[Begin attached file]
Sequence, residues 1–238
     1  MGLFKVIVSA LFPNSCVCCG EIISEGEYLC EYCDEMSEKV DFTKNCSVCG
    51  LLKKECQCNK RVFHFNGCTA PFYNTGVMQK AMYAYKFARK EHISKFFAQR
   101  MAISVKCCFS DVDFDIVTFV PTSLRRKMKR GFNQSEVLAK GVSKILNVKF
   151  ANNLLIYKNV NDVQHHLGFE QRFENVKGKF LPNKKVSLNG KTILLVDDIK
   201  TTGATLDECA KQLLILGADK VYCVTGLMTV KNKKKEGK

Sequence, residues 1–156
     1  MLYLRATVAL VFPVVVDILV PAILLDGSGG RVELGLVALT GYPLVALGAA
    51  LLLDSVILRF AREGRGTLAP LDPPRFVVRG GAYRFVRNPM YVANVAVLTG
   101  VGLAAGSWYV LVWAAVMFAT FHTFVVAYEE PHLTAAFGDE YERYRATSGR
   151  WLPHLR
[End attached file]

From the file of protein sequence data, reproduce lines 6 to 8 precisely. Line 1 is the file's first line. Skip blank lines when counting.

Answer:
   201  TTGATLDECA KQLLILGADK VYCVTGLMTV KNKKKEGK

Sequence, residues 1–156
     1  MLYLRATVAL VFPVVVDILV PAILLDGSGG RVELGLVALT GYPLVALGAA